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I want to run a shell script when a specific file or directory changes.

How can I easily do that?

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+1. I think it is on-topic (not sure why someone voted to move to superuser - this question is on shell programming), and a good question. –  Merlyn Morgan-Graham Oct 30 '10 at 19:36
I have a post I think is basically the same : stackoverflow.com/q/2972765/119790 –  Ian Vaughan Feb 10 '11 at 17:19
@MerlynMorgan-Graham I'd move this to superuser, because the answer might not have anything do with programming - i.e. there might be some program or configuration option that can be used, without any programming needed. I had the same question, and searched superuser first :p –  Benubird May 31 '13 at 9:18

7 Answers 7

up vote 15 down vote accepted

Use inotify-tools.

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incron is another option. –  Dennis Williamson Oct 30 '10 at 21:23
fanotify is another option. Builded on top of inotify. It has some improvements to inotify, for example it can notify file changes within a specific directory. –  Raydel Miranda Dec 4 '13 at 19:27

I use this script to run a build script on changes in a directory tree:

#! /bin/bash
DIRECTORY_TO_OBSERVE="js"      // might want to change this
function block_for_change {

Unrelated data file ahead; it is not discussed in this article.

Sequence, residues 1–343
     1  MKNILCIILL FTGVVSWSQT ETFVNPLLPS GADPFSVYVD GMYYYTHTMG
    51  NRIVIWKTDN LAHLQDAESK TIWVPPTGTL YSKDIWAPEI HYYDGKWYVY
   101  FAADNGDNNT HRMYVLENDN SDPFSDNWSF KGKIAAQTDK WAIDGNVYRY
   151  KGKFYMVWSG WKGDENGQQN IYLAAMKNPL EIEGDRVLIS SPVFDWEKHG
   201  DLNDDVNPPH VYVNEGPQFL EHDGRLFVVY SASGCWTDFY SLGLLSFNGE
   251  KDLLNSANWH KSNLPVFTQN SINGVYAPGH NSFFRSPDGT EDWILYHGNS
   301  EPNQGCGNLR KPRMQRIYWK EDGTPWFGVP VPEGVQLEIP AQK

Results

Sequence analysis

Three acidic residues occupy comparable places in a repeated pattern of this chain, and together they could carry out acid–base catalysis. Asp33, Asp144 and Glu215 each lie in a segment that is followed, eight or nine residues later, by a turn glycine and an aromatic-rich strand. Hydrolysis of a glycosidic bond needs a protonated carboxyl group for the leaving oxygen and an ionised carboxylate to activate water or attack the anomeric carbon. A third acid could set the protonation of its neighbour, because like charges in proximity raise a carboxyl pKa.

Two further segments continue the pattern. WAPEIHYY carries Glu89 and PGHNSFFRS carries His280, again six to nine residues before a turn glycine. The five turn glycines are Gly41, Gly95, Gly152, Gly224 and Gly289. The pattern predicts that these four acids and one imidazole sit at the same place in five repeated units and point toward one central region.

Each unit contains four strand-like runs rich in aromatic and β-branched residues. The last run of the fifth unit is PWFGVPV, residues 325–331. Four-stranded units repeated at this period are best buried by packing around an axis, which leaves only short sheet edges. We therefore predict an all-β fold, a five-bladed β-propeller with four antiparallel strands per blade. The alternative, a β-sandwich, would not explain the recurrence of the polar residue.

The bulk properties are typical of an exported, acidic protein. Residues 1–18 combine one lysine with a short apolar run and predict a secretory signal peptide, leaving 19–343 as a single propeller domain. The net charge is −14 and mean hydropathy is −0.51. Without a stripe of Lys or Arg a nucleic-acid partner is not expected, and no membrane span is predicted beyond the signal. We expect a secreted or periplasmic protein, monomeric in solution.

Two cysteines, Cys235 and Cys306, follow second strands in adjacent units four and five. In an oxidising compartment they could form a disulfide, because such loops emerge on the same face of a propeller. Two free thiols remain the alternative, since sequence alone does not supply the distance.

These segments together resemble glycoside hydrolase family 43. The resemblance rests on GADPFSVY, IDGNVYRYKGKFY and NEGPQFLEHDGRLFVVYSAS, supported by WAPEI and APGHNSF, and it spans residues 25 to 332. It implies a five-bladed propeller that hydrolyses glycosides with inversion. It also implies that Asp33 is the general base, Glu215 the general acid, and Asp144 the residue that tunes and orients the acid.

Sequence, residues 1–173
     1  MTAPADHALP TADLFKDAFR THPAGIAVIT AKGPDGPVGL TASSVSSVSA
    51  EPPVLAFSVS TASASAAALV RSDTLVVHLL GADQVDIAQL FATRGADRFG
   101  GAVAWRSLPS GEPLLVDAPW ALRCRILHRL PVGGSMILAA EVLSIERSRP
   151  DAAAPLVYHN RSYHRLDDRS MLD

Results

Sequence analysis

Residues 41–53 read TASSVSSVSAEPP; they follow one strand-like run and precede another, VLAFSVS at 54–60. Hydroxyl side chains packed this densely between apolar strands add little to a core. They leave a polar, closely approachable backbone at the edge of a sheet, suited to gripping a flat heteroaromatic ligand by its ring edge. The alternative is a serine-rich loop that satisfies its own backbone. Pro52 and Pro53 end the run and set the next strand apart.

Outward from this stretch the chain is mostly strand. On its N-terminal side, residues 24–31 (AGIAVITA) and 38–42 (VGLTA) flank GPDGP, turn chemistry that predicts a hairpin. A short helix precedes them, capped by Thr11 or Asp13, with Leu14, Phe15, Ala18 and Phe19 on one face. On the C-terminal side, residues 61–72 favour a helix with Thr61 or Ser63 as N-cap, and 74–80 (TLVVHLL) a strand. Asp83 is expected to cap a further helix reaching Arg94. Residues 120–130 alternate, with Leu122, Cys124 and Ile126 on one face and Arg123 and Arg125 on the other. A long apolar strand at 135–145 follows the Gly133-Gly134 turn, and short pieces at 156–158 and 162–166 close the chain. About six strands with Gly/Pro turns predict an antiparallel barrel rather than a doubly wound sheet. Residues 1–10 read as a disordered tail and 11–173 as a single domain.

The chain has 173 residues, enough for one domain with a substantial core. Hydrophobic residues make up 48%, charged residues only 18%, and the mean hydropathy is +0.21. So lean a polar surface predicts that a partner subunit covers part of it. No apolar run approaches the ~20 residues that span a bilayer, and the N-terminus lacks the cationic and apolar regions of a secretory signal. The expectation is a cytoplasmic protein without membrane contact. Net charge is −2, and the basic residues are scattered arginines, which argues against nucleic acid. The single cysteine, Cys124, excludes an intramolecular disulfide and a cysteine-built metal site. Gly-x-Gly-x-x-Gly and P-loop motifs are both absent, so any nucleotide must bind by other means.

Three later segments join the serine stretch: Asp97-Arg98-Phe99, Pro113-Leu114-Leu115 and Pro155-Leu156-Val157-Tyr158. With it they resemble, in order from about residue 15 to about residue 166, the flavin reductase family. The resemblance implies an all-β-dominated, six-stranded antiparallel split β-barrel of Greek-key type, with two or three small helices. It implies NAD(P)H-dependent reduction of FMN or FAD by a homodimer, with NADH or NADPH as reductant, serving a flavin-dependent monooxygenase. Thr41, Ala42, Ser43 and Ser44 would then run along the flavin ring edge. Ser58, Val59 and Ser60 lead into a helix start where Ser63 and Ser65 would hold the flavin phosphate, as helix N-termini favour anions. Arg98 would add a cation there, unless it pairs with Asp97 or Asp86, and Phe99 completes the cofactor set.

inotifywait -r \
    -e modify,move,create,delete \
BUILD_SCRIPT=build.sh          // might want to change this too
function build {
while block_for_change; do

Uses inotify-tools. Check inotifywait man page for how to customize what triggers the build.

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Check out the kernel filesystem monitor daemon


Here's a how-to:


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As mentioned, inotify-tools is probably the best idea. However, if you're programming for fun, you can try and earn hacker XPs by judicious application of tail -f .

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There's also inotail. –  Dominykas Mostauskis Dec 4 '13 at 15:49

Here's another option: http://fileschanged.sourceforge.net/

See especially "example 4", which "monitors a directory and archives any new or changed files".

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Just for debugging purposes, when I write a shell script and want it to run on save, I use this:

file="$1" # Name of file
command="${*:2}" # Command to run on change (takes rest of line)
t1="$(ls --full-time $file | awk '{ print $7 }')" # Get latest save time
while true
  t2="$(ls --full-time $file | awk '{ print $7 }')" # Compare to new save time
  if [ "$t1" != "$t2" ];then t1="$t2"; $command; fi # If different, run command
  sleep 0.5

Run it as

run_on_save.sh myfile.sh ./myfile.sh arg1 arg2 arg3

Edit: Above tested on Ubuntu 12.04, for Mac OS, change the ls lines to:

"$(ls -lT $file | awk '{ print $8 }')"
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How about this script? Uses the 'stat' command to get the access time of a file and runs a command whenever there is a change in the access time (whenever file is accessed).


while true


   ATIME=`stat -c %Z /path/to/the/file.txt`

   if [[ "$ATIME" != "$LTIME" ]]


       echo "RUN COMMNAD"
   sleep 5
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It's better to use inotifywait (inotify-tools) since it wakes up almost instantaneously when the file is updated. (Your script would wait up to 5 seconds before noticing.) Your script also has to wake up every 5 seconds, spawn a process, check the result and then go back to sleep, while this good enough for a "hack it together in 5 minutes"-script, it wastes CPU resources and should be avoided in production code. –  alexander255 Oct 6 '13 at 15:48

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